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FTC to report Kumho head to prosecutors over unfair internal transactions

Nov. 21, 2018 - 17:18 By Shin Ji-hye
The chairman of Kumho Asiana Group, a South Korean conglomerate with businesses in the logistics and airline industries, is slated to be reported to prosecutors by the nation’s antitrust watchdog over the alleged arrangement of unfair internal transactions with affiliates, according to local media outlets on Wednesday.

According to the reports, the Fair Trade Commission is preparing to report Chairman Park Sam-koo and several executives to prosecutors over alleged violations of the fair trade law.

The FTC found that Kumho Holdings, the holding company of Kumho Asiana Group, borrowed 96.6 billion won ($85 million) from seven affiliates, including Kumho Industrial, at a lower interest rate than the market rate, in 2016. 

Kumho Holdings borrowed the money at an interest rate of around 2 to 3 percent, much lower than the around 5 to 7 percent in the market, leading to profits of around 1 billion won, according to the reported findings. The FTC believes that Chairman Park was directly involved in the decisions.

Chairman Park Sam-koo, Kumho Asiana Group (Yonhap)

The allegations were first raised by activist group Solidarity for Economic Reform in May last year, upon which the FTC conducted an onsite inspection of Kumho Asiana Group affiliates in January.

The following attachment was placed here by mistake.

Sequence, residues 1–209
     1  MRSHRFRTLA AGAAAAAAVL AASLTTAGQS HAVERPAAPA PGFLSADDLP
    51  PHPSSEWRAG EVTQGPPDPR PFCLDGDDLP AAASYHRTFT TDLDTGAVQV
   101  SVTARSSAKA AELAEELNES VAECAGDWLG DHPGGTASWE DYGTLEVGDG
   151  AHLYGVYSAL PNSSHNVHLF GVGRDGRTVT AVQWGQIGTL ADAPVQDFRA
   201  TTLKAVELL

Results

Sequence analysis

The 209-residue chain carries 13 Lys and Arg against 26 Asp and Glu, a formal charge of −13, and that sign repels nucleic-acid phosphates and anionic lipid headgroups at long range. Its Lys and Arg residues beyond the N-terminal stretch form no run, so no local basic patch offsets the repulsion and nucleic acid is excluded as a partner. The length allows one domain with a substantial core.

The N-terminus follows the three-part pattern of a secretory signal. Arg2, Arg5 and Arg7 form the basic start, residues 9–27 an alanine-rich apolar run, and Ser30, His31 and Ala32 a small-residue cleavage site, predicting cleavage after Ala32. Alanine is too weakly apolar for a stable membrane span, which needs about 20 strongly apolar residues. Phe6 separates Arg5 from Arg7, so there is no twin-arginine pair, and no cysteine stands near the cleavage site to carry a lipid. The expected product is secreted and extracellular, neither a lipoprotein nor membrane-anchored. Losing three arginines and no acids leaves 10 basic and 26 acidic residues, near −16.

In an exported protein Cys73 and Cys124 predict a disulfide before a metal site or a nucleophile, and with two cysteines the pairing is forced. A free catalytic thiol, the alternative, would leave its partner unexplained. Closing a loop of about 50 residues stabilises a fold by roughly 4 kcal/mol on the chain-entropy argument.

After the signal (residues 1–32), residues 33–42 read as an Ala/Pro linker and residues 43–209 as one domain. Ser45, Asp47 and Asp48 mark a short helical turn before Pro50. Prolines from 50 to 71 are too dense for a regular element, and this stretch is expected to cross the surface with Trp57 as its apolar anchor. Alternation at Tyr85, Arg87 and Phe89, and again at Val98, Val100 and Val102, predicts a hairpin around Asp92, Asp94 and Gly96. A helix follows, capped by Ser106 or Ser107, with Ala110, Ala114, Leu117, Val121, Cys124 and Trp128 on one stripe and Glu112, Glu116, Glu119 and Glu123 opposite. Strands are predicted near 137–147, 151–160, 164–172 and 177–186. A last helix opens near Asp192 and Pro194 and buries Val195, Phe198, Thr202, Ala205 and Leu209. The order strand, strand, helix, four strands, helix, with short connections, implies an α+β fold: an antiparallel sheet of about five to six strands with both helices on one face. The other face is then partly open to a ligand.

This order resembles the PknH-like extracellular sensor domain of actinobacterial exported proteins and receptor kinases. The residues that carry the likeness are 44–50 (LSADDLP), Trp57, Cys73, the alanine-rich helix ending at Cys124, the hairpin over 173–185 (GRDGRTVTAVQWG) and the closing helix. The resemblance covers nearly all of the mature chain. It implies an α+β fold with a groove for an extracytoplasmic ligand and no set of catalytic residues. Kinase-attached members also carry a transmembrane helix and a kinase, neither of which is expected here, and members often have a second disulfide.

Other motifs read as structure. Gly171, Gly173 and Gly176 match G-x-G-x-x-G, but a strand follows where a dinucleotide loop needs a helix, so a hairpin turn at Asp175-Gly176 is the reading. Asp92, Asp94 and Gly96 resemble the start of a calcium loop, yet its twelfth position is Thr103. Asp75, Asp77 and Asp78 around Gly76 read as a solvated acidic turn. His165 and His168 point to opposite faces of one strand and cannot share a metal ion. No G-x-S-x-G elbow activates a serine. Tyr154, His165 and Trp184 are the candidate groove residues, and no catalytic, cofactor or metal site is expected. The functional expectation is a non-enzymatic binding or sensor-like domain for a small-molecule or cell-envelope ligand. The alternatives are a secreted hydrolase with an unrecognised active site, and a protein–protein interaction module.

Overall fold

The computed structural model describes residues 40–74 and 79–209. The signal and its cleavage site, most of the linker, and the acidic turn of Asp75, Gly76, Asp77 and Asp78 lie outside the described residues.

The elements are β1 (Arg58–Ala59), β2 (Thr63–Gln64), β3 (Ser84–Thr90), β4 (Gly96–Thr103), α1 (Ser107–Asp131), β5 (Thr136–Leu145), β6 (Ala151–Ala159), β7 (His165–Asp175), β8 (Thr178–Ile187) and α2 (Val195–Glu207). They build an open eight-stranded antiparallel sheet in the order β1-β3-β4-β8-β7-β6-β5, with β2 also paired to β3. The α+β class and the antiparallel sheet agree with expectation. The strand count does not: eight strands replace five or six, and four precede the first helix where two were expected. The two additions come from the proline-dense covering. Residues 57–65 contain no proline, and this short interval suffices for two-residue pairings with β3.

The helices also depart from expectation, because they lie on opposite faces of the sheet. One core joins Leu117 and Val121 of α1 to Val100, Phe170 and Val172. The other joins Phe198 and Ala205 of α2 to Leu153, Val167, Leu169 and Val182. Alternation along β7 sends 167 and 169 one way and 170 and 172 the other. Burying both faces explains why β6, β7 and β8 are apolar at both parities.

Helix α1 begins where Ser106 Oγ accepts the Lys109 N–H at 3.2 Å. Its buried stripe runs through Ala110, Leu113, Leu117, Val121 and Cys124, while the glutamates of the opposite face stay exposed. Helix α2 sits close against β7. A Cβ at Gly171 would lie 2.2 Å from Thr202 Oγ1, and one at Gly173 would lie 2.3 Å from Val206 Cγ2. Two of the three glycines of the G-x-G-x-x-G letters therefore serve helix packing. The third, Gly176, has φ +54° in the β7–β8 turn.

The allegations surrounding Kumho’s chairman is the latest in a series of cases involving illicit practices by South Korean conglomerates.

Last week, the FTC reported Lee Kun-hee, chairman of Samsung Group, to prosecutors over allegations of intentionally omitting two affiliates in reports summited to the FTC. It said the two affiliates solidified their positions in the market with the backing of the group that unfairly gave work to them.

In the same week, a Seoul court sentenced Lee Joong-keun, chief of a local construction and real estate business group, Booyong, to five years in prison for embezzlement and breach of trust, saying, “(Lee) used funds from the affiliates of Booyoung for his own interest in the long term.”

Chung Jae-kyu, a senior researcher at the Korea Corporate Governance Service, said that conglomerates should not be considered possessions of controlling family members.

“In countries with a more advanced corporate culture, when a head is found to have unfairly supported the firm’s affiliates, the punishment is very strong,” Chung said.

They face a strong backlash from other shareholders who demand massive compensation for damage. Leaders could also be dismissed from the board of directors, he said.

“In many cases, a sound affiliate faces pressure to support a money-losing affiliate for the sake of the owner family members, causing conflicts of interest among shareholders of the two units.”

By Shin Ji-hye (